By the end of 1945 there was 10,000 personnel working at Bletchley and its sub stations. 75% of these were female, of middle class backgrounds, all held a degree in one field or another, civilian and uniformed personnel all worked a long aide each other.
After their initial basic training they all under went special training at the “Special Intelligence School” which was set by John Tiltman and located at RAF Buckingham and later Bedford. The locals used to call this place the “Spy School”.
Some of Bletchley achievements
Bletchley personnel achieved success on land, sea and air campaigns and shortened the war by at least two years,
Tommy Flowers – The worlds first programmable electronic computer “Colossus” 1943.
Jane Fawett – credited for the decoding of a message that led to the sinking of the battleship “Bismark”.
Harry Fensom – creator of the “Tunny Machine”, for decoding Lorenz ciphers.
Joan Joslin – work led to the sinking of the “Schamhorst”.
Dilly Knox – cracked the code of the commercial enigma machines.
Alan Turing – designer of the “Bombe” electro – mechanical device.
Personnel also provided the Royal Navy with vital intelligence to cut of Rommel’s supply chain.
Within British intelligence the highest classification during WWII was “Most Secret”, Bletchley and the work done there was even higher than that.
All personnel had to sign the official secrets act, however, some of the security warnings went even further, “DO NOT”, talk in billits, by your own fireside, talk at meals, talk in transit, in other words “NO TALKING”!! anytime anywhere, to anyone, not even those you work with.
There was breaches in security though with the most serious one been that of John Cairncross, a soviet mole/spy who infiltrated Bletchley, he was a member of the Cambridge spy ring. He was sending intelligence and material back to Moscow.
The Soviet Union were never officially told about Bletchley and its activities due to the fact that Churchill never really trusted them, even though we were fighting on the same side.
In contrast, after America joined the war the co-operation between the US and British intelligence was cemented by a number of American cryptographers joining the team.
Attacks on Bletchley
There was only ever one axis forces attack on Bletchley, November 20 – 21st 1040, bombs reportedly ment for Bletchley railway station fell within the Bletchley estate. Hut 4 was hit and so much so it shifted off it’s foundation by two feet (2ft). The interesting thing is though, they winched it back onto it’s foundation whilst the personnel continued to work, no health and safety back then hey!! eeek….no thats trust!
So the drive down took two hours, pleased I wasn’t driving… thanks son..
There is a guy at the gate, he may or may not stop you, the vehicle in front of us was stopped, I hope the gate guy was embracing his position and asking for your clearance to enter!!! we didn’t find out, but it would be kind of cool hey..
admission fee Adult £18.50, Souvenir Guidebook £6.00, once you have bought your ticket you can use it for one year to return as many times as you like for free.
Once through the payment area, you have to follow a certain path in which you have a couple of projectors giving you some WWII background. There is also some interactive tables here, well worth having a go on… by the way, watch out for these throughout, they are everywhere and a most..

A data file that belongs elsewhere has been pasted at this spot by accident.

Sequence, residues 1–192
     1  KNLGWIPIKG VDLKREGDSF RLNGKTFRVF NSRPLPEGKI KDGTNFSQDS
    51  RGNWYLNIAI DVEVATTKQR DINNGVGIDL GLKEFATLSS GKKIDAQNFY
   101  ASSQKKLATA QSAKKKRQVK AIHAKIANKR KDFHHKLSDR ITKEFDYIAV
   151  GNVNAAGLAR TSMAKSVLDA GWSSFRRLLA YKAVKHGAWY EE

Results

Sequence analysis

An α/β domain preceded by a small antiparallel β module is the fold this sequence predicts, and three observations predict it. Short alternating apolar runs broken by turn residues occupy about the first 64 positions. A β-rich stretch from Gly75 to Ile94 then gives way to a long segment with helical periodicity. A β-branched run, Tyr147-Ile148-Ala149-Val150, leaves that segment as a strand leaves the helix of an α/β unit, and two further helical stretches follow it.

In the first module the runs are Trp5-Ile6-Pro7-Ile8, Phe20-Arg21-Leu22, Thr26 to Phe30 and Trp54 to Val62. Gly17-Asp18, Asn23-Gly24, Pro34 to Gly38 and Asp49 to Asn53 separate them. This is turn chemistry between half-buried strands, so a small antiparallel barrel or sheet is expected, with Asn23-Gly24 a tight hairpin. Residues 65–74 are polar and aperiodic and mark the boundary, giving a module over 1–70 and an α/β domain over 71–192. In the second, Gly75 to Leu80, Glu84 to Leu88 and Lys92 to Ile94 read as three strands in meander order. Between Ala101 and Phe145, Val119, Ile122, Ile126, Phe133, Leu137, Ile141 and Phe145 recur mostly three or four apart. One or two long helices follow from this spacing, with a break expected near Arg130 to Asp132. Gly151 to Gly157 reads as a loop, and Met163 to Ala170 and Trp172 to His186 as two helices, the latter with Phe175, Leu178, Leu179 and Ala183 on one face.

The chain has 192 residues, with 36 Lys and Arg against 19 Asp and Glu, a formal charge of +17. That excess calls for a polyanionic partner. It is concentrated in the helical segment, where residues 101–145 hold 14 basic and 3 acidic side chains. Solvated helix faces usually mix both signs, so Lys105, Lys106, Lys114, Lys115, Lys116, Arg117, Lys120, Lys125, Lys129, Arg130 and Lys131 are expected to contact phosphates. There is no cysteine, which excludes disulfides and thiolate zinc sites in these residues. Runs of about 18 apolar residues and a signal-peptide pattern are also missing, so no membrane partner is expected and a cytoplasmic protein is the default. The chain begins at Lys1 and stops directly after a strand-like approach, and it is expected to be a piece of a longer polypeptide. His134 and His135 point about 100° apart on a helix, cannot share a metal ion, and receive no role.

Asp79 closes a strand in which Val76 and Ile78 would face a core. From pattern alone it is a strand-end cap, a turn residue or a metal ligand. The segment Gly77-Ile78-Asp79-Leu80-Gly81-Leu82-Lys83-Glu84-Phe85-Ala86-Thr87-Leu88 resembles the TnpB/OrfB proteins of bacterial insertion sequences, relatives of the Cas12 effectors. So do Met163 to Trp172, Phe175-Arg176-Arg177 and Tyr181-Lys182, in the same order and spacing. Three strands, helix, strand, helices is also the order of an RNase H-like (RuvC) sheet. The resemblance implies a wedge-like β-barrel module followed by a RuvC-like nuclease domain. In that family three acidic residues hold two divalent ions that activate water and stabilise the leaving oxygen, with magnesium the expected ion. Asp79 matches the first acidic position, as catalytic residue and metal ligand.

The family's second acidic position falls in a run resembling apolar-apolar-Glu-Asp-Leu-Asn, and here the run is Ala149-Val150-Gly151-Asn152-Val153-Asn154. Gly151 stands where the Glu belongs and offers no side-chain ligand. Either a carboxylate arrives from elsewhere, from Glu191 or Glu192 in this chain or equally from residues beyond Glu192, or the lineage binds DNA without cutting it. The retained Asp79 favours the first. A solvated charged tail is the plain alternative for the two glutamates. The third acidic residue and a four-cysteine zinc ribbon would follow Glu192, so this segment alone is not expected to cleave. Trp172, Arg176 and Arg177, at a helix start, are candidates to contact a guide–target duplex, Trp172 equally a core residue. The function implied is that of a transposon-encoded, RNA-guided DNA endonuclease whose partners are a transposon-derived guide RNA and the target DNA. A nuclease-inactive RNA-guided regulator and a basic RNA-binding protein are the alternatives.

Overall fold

also in this area you will find some glass cabinets full of authentic books, as I looked at these I couldn’t help but imagine these on someones desk or constantly in their hand..
it’s worth looking out for these on the walls too, they have some great information on them…see below
as your leaving this first hall you can’t help but notice this war time motorcycle, shown below
just before you leave this area to enter the park you can pick up a free handheld audio guide, just remember to return prior to leaving…
I our point of call was the radio communications hall, see map, this is full of all manner of old radio communication equipment, some of it interactive
Onto block 8, down some stairs into the exhibits, there is everything in here, as I had firstly written about the Lorenz and Enigma machines in the first part of this blog, here is where you find out all about them…hope you like reading folks…. I found this fascinating,
more picture from here in the photo gallery folk’s
on to hut 3, this hut has be be one the best we all thought, from the point of view of authenticity, the could see and spell its age. It was the most important hut in the park.
Next huts 11 and 11a, hut 11 has 4 mock up Bombe machines, its quite cold in there too, but with four of those machines in this small hut I bet it was loud…
Hut 11a shows how there work impacted some parts of the war and again has many interactive things to do,
there is also a working Bombe machine in this hut pictured below
there are many interactive exhibits in this hut
We next walked up to the garage area, there are 4 exhibits here,
On to the main mansion now and wow what a building, the interior alone is breathtaking not forgetting of course the important part it played in park, but its ceilings alone are some of the nicest I have seen.
enter through the main door, the very same door that Churchill and all the top people had used, following in the footsteps of these soldiers, civilians and politicians felt unbelievable.
The large windows to the left is the office of the park commander, office shown below
We moved onto the library which was used some subsections, please read below
Thats about it from our visit to Bletchley park, check out all the pictures in the gallery.
Just before we left we felt hungry so we decided to find somewhere to eat, and oh boy did we, its about 10 minutes away, food is great and priced well, check out the pictures below
thats beef in yorkshire pudding wrap, its bloody great I can tell you £4.99